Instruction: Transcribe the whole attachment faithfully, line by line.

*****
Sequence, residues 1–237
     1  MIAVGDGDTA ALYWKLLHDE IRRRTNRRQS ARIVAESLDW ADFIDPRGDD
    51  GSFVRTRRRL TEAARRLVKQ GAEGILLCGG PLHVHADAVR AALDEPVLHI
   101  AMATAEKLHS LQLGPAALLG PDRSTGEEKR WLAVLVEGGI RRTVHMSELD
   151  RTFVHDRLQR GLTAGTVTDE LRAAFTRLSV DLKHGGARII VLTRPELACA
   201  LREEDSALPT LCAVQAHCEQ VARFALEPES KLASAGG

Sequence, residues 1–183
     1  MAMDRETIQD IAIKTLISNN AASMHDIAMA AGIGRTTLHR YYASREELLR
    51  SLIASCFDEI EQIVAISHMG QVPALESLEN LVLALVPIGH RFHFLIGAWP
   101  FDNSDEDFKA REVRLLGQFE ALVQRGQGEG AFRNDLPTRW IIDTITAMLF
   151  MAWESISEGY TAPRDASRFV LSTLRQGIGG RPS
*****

Sequence, residues 1–237
     1  MIAVGDGDTA ALYWKLLHDE IRRRTNRRQS ARIVAESLDW ADFIDPRGDD
    51  GSFVRTRRRL TEAARRLVKQ GAEGILLCGG PLHVHADAVR AALDEPVLHI
   101  AMATAEKLHS LQLGPAALLG PDRSTGEEKR WLAVLVEGGI RRTVHMSELD
   151  RTFVHDRLQR GLTAGTVTDE LRAAFTRLSV DLKHGGARII VLTRPELACA
   201  LREEDSALPT LCAVQAHCEQ VARFALEPES KLASAGG

Sequence, residues 1–183
     1  MAMDRETIQD IAIKTLISNN AASMHDIAMA AGIGRTTLHR YYASREELLR
    51  SLIASCFDEI EQIVAISHMG QVPALESLEN LVLALVPIGH RFHFLIGAWP
   101  FDNSDEDFKA REVRLLGQFE ALVQRGQGEG AFRNDLPTRW IIDTITAMLF
   151  MAWESISEGY TAPRDASRFV LSTLRQGIGG RPS